Organic means they use organically grown grapes that are then fermented with different levels of chemical additives. To me, this is a step in the right direction but still a bit pointless—like growing an organic apple, then covering it in chemicals before you sell it.

Wines that are grown with organic grapes, then fermented with minimal chemicals, or none at all, are natural wines—a much better choice.

wine-dinner.jpeg

Then there are biodynamic wines: those that use organically grown grapes that have been carefully fermented and bottled without anything but earth and sun (following the careful lunar and solar rules coded by Rudolph Steiner in the early 19th century). There is intervention in the vineyards & fermentation but the entire process is really holistic and completely chemical free.

Finally, you have conventional wines, which may use chemical spray in the vineyards, or many additives during the fermentation and bottling stages to control anything such as the speed of the fermentation, the wine’s taste, color, aroma, smell, longevity and other attributes. The different degrees to which a winemaker can alter the natural process are limitless, and sometimes absolutely drastic. For example, have you ever wondered how a particular Champagne (let’s say a famous brand that has a yellow label…) can taste the same year after year, rain or shine, early frost or not? This is because the winemaker has carefully coded the Champagne’s reproduction with additives that ensure his costumers will recognize its taste and flavors, no matter what nature has wrought on the grapes themselves. For me, these types of Champagnes and wines are no different than a can of Coke. And since I don’t drink sodas… That leaves me with two options: natural or biodynamic wines.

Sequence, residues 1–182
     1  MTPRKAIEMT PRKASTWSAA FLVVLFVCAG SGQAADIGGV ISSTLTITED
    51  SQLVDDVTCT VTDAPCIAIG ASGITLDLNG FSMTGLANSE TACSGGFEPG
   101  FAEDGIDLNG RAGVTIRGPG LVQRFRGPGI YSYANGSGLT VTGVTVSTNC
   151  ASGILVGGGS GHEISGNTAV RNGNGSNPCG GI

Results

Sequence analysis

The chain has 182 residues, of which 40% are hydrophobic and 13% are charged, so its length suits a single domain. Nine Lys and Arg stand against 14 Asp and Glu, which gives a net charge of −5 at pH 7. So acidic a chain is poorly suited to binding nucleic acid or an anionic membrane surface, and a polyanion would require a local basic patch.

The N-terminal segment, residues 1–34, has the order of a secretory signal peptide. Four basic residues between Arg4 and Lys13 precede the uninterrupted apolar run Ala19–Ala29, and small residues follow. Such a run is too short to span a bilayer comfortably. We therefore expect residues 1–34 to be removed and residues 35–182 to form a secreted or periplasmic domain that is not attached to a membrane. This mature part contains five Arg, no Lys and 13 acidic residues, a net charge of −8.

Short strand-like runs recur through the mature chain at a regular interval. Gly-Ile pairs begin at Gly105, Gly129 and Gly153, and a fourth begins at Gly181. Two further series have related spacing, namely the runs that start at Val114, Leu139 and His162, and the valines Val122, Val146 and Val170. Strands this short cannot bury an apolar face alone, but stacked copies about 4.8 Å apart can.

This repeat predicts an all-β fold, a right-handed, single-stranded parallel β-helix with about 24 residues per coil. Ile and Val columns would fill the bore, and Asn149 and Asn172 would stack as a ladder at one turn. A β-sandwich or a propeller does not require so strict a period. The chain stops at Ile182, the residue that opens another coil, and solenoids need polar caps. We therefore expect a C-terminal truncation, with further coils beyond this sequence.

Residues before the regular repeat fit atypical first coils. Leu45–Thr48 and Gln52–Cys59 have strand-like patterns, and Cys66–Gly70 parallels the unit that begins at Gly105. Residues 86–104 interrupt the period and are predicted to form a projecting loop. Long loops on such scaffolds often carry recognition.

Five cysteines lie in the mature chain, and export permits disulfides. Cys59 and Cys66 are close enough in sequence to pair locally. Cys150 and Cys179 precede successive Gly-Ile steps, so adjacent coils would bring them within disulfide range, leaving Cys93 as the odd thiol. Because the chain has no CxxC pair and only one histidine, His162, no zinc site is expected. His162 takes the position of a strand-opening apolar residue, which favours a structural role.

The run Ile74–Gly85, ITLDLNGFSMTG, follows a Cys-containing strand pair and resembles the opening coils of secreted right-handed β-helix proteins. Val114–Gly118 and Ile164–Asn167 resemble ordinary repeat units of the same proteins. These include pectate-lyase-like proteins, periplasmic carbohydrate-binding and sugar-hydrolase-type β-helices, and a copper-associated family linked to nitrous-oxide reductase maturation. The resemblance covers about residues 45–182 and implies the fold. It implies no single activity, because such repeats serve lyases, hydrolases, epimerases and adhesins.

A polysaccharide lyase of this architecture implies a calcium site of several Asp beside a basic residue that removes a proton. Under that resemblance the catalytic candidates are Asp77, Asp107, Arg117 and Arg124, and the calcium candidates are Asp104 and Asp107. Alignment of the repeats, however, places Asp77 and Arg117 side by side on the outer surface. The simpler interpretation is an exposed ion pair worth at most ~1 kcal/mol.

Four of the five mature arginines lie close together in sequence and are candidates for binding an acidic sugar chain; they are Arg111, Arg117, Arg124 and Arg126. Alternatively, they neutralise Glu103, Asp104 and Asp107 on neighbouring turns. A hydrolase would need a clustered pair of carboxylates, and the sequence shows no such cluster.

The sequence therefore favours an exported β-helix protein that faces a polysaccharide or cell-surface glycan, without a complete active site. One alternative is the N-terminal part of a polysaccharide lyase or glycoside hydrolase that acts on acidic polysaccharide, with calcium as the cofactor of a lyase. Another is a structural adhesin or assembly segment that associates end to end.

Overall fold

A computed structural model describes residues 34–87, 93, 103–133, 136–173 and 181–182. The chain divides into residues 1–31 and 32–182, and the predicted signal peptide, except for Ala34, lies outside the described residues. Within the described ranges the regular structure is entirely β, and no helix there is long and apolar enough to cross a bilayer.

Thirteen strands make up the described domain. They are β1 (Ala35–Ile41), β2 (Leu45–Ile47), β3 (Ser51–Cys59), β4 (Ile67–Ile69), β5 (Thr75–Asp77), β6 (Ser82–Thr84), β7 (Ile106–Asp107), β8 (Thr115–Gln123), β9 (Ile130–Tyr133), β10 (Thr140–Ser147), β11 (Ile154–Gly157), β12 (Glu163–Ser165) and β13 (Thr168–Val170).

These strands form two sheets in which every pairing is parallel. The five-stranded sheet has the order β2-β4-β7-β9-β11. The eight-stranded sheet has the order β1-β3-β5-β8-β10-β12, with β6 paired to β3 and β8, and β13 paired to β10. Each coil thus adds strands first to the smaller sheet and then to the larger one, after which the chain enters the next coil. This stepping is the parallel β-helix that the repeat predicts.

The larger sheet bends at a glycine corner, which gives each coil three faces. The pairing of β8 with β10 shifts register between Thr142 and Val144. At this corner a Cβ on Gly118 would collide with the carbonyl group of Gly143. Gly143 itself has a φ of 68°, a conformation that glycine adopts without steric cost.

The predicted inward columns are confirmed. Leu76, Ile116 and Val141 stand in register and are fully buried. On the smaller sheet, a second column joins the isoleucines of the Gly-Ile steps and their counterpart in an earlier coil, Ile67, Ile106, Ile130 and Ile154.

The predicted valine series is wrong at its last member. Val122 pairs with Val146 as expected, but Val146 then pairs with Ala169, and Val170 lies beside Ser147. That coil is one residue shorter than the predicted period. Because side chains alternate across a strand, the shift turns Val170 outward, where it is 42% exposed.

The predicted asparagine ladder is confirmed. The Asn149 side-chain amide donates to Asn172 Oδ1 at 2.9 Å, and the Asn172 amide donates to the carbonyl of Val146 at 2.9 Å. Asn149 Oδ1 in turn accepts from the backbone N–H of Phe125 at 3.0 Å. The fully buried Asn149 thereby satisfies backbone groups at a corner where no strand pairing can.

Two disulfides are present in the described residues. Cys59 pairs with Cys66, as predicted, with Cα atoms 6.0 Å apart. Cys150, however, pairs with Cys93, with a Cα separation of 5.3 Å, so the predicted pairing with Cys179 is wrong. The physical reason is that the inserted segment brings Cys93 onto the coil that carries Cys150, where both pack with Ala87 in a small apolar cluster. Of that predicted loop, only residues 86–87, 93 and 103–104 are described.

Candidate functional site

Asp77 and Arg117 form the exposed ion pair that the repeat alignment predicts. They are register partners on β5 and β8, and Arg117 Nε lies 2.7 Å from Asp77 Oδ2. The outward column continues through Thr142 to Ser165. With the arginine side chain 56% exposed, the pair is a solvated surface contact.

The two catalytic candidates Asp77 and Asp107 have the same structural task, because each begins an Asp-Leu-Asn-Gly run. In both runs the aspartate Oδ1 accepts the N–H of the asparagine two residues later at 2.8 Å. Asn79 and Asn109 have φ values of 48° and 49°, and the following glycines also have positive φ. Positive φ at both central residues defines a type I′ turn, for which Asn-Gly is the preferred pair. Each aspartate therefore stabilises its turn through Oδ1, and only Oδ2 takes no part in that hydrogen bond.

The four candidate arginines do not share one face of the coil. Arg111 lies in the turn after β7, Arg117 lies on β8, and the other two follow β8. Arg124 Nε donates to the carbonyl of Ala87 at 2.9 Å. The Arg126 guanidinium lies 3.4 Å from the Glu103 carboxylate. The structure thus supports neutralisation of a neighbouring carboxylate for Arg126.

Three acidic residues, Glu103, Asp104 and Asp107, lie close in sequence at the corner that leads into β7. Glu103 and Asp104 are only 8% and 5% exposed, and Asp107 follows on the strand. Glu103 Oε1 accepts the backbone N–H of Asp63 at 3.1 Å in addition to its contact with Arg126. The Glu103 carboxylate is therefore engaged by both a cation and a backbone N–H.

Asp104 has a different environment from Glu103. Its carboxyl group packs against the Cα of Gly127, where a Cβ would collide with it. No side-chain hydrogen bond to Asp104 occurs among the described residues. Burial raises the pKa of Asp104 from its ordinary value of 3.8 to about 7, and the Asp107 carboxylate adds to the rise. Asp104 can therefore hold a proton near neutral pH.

Similarly to how we choose our food (and food sources), the consequences of our choices in wine go far beyond our health. They have a great impact on the planet: grape varietals are being extinguished, soil is being depleted, chemicals are polluting our rivers, and labor practices in large estates are no better than on large corporate farms. Like food, wine can and should be alive when consumed and have that vibrant quality where you can almost smell the soil, taste the sun and feel the breeze that once bathed the vines.

Here are my favorite wines for this summer:

Poivre & Sel from Olivier Lemasson – A vibrant Pineau d’Aunis from the Loire, to be enjoyed slightly chilled.

Cerdon du Bugey from Domaine Renardat-Fache: Sparkling Rosé – It is pure happiness in a bottle, it brings people together.

Muscadet from Pierre Lagrange: It is my go-to wine that works whatever mood I am in.

You can find all of these bottles on Maison May Dekalb's wine list.

It should be no surprise that our selection is 100% natural and biodynamic.

As you can see, there is a lot that goes in to choosing a wine. The most important thing is that you either need to know the vineyard, or trust that the wine importer is doing his job in verifying what he is selling you. That’s why working with the right importer is so crucial, and why I take the time to develop relationships with them.

When you buy your favorite wine, ask the vendor if he or she knows how the wine was made. For imported wines from Europe, the wine importer will be listed on the back of the bottle, and you can always inquire with them directly. My two absolute favorite importers are Louis Dressner and Camille Rivière. No need to call these estates to check the way their wines are made because they have already done a thorough job for you.

And above all, remember, it is all about enjoying what you are drinking.

Happy Summer!